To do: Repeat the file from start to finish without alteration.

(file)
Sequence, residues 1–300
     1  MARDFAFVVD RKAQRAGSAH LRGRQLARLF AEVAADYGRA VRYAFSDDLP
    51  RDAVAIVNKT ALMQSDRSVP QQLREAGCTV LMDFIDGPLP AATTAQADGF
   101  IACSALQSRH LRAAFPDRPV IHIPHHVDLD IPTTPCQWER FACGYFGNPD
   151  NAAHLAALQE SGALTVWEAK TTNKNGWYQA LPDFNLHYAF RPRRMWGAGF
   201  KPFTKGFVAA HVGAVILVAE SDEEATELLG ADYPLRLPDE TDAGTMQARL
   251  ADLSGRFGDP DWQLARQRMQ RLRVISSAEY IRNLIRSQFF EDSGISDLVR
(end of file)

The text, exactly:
Sequence, residues 1–300
     1  MARDFAFVVD RKAQRAGSAH LRGRQLARLF AEVAADYGRA VRYAFSDDLP
    51  RDAVAIVNKT ALMQSDRSVP QQLREAGCTV LMDFIDGPLP AATTAQADGF
   101  IACSALQSRH LRAAFPDRPV IHIPHHVDLD IPTTPCQWER FACGYFGNPD
   151  NAAHLAALQE SGALTVWEAK TTNKNGWYQA LPDFNLHYAF RPRRMWGAGF
   201  KPFTKGFVAA HVGAVILVAE SDEEATELLG ADYPLRLPDE TDAGTMQARL
   251  ADLSGRFGDP DWQLARQRMQ RLRVISSAEY IRNLIRSQFF EDSGISDLVR